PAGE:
B resides in the Netherlands and receives a severance payment from their employer established in the Netherlands. The circumstances make it impossible to reasonably approach the course of the entire employment. In the past twelve months, they worked for this employer in Belgium for 190 days, in Germany for 35 days, and in the Netherlands for the remaining 15 days.
Only in respect of the work exercised in Belgium is there a right to double taxation relief, because the taxing right for that part of the salary is allocated to Belgium. The severance payment received from their employer is deemed to relate to the last twelve months of their employment. In respect of the part allocable to the work exercised in Belgium, which covers 190/240th part of the severance payment, there is a right to double taxation relief.
Other payments on termination of employment
As indicated, the above applies to a severance payment based on the length of service with the employer. If, at dismissal, other payments are made as well, one needs to review which country is entitled to levy tax on every element. Below, we will discuss a number of payments. The word ‘usually’ is stressed here, considering the many nuances applicable to concrete situations.
|Subsequent payments for work exercised
||Usually allocable to the state where the relevant work was exercised.
|Payment for unused holidays and sick days
||Usually allocable to the last twelve months of employment.
|Continued payment during notice period (garden leave)
||Usually allocable to the state where it is reasonable to assume that the work would have been exercised. In most cases this will be the location where the last work was substantially exercised.
|Compensation of damage on termination of employment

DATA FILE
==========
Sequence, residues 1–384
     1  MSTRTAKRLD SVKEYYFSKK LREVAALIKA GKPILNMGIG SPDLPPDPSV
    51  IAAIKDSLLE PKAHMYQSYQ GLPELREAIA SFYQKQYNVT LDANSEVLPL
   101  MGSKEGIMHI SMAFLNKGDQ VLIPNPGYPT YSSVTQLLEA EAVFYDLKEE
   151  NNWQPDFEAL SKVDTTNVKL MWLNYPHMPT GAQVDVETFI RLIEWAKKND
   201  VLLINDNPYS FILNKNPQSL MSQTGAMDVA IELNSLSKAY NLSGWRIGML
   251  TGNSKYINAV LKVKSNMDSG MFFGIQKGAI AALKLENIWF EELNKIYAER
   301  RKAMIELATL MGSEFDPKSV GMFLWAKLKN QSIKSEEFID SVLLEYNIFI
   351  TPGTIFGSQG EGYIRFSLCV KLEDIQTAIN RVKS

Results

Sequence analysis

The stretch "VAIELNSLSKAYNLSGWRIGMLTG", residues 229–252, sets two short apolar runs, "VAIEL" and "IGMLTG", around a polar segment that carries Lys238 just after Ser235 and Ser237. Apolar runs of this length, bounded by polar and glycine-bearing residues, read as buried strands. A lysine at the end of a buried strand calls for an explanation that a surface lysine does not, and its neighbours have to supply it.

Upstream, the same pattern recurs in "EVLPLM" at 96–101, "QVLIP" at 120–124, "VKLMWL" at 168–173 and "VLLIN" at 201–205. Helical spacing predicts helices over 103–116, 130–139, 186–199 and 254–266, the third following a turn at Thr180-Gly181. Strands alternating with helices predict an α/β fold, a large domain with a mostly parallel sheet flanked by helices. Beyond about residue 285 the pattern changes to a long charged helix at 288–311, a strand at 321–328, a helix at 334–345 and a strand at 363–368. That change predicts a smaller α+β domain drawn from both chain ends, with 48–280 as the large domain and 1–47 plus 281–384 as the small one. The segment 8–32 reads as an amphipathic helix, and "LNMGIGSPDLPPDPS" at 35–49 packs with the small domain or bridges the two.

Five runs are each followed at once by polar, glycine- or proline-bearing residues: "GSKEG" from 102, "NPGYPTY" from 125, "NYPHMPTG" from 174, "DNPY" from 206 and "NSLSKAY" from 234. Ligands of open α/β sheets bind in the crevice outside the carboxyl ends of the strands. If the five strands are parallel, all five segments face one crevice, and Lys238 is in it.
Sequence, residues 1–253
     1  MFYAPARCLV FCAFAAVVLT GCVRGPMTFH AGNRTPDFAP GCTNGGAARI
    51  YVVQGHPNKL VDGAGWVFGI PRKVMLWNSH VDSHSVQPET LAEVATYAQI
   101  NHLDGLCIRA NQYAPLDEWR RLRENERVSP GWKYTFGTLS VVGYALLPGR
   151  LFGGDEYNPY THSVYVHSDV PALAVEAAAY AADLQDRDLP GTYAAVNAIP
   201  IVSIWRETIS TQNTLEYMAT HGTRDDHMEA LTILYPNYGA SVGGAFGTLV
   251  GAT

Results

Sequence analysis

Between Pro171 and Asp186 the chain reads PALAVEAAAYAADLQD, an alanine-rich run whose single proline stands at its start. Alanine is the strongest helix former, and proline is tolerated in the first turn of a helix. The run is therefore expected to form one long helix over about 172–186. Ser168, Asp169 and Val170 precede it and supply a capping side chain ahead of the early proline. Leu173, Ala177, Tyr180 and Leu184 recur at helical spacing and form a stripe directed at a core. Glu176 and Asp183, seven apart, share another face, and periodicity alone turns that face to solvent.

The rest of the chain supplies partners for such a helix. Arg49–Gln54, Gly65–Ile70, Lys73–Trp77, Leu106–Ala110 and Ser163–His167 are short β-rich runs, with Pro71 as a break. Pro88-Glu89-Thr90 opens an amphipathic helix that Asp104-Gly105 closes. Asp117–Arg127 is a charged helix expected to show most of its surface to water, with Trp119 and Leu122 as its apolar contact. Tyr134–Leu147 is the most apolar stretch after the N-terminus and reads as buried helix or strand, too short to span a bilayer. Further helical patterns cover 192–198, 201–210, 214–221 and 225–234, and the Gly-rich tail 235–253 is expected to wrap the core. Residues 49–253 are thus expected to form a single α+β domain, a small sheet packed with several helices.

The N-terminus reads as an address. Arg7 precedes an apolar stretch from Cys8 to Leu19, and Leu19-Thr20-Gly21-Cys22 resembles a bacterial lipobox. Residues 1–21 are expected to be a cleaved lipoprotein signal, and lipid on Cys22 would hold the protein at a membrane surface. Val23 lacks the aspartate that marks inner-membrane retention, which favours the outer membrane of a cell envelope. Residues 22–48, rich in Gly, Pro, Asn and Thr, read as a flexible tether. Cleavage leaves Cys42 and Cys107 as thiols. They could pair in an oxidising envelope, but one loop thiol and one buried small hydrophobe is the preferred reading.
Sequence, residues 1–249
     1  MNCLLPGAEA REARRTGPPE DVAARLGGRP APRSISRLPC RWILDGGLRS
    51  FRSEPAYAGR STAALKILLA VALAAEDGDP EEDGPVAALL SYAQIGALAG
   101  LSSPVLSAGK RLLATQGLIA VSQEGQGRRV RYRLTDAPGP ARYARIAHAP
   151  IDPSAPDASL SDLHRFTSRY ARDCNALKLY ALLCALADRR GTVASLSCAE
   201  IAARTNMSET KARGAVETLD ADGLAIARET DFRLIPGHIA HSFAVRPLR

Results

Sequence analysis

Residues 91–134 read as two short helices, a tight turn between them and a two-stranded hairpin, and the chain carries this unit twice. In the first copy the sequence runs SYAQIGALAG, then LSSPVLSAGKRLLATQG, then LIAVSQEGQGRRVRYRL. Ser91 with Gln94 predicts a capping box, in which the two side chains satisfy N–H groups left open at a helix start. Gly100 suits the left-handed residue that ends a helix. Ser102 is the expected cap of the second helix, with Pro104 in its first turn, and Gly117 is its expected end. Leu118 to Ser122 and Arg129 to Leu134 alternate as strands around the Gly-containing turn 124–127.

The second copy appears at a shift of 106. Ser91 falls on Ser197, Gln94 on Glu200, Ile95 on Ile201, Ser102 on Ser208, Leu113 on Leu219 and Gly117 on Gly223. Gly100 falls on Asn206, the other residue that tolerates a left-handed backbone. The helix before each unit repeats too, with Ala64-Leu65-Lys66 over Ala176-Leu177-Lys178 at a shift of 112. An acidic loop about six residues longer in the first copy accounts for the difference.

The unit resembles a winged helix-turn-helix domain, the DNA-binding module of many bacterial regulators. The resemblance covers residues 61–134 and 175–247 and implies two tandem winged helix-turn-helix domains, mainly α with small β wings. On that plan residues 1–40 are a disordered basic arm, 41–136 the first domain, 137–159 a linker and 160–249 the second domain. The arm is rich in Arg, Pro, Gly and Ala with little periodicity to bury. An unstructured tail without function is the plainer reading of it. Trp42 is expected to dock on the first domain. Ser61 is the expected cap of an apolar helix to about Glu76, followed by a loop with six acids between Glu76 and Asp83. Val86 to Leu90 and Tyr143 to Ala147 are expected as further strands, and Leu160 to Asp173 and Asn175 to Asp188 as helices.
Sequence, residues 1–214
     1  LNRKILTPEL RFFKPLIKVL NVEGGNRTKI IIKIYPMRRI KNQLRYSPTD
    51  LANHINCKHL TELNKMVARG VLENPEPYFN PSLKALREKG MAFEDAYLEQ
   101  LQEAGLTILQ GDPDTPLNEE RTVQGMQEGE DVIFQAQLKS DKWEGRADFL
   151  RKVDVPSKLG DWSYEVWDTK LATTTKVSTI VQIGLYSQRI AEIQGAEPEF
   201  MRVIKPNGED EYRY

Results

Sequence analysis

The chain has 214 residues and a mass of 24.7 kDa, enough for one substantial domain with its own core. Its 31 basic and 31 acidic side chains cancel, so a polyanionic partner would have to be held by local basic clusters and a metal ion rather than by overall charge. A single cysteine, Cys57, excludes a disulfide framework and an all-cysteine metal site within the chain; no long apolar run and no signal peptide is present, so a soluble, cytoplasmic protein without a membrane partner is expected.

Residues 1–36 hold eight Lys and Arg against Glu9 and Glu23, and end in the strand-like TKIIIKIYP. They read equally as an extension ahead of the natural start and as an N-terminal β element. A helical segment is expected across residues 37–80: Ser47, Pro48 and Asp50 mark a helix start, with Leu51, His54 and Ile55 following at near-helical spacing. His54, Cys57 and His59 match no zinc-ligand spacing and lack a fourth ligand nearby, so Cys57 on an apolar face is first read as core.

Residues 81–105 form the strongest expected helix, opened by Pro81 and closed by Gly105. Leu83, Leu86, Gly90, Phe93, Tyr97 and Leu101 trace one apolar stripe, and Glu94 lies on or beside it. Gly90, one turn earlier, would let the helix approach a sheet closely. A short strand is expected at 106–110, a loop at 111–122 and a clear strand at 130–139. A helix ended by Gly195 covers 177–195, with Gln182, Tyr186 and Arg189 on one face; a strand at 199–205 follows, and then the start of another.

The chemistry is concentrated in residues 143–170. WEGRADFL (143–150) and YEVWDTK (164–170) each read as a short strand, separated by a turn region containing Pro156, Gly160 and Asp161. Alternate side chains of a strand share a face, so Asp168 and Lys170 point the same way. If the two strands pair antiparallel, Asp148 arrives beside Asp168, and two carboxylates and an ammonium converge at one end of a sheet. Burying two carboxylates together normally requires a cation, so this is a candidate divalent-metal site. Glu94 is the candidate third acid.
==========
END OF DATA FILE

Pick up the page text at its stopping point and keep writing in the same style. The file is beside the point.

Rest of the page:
||The allocation depends on the damage for which compensation is granted.
||Usually allocable to the state of residence of the employee.
|Compensation for pension contributions
||Usually allocable to the state where the employment was exercised.
|Share options and their settlement
||The allocation usually takes place based on the states where the employee worked during the period between the granting of the rights and the date of dismissal.
The State Secretary for Finance’s Decree is important. In many cases it will probably prevent double taxation and double non-taxation on a severance payment. The question remains in which cases one can fall back on the last twelve months of employment with the relevant employer as a guideline for the division of taxing rights. It would seem that through this Decree the State Secretary intends to implement a certain sequence when applying these allocation rules. If so, double taxation or double non-taxation is still a possibility though, e.g., in combination with countries that - as a standard operating procedure - allocate the taxation rights on a severance payment based on the last twelve months of the person’s employment. In such a case the double taxation (or double non-taxation) should be avoided through a mutual consultation procedure between the tax authorities of the countries involved. It should be noted that the Decree obviously contains the interpretation of the State Secretary for Finance. Question remains whether this is fully in line with the current legislation and jurisprudence.
In many cases, a more detailed analysis will be required. Hence, it is important to take note of the distribution of taxing rights when preparing a severance package.